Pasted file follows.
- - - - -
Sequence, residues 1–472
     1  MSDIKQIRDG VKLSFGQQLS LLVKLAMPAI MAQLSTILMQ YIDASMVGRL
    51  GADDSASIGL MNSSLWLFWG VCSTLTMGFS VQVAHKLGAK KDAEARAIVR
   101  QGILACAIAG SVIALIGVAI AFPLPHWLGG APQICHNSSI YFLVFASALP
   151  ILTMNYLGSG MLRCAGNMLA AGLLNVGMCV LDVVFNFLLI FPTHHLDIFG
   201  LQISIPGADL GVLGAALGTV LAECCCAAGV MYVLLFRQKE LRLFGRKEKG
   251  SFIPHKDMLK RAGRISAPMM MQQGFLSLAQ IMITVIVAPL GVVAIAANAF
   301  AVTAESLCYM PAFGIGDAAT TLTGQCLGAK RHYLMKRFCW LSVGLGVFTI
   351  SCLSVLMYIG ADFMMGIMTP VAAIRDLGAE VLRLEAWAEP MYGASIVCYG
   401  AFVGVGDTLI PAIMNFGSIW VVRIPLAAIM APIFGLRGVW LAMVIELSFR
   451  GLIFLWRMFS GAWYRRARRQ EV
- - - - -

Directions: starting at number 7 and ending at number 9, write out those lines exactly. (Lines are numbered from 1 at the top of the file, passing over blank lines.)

   251  SFIPHKDMLK RAGRISAPMM MQQGFLSLAQ IMITVIVAPL GVVAIAANAF
   301  AVTAESLCYM PAFGIGDAAT TLTGQCLGAK RHYLMKRFCW LSVGLGVFTI
   351  SCLSVLMYIG ADFMMGIMTP VAAIRDLGAE VLRLEAWAEP MYGASIVCYG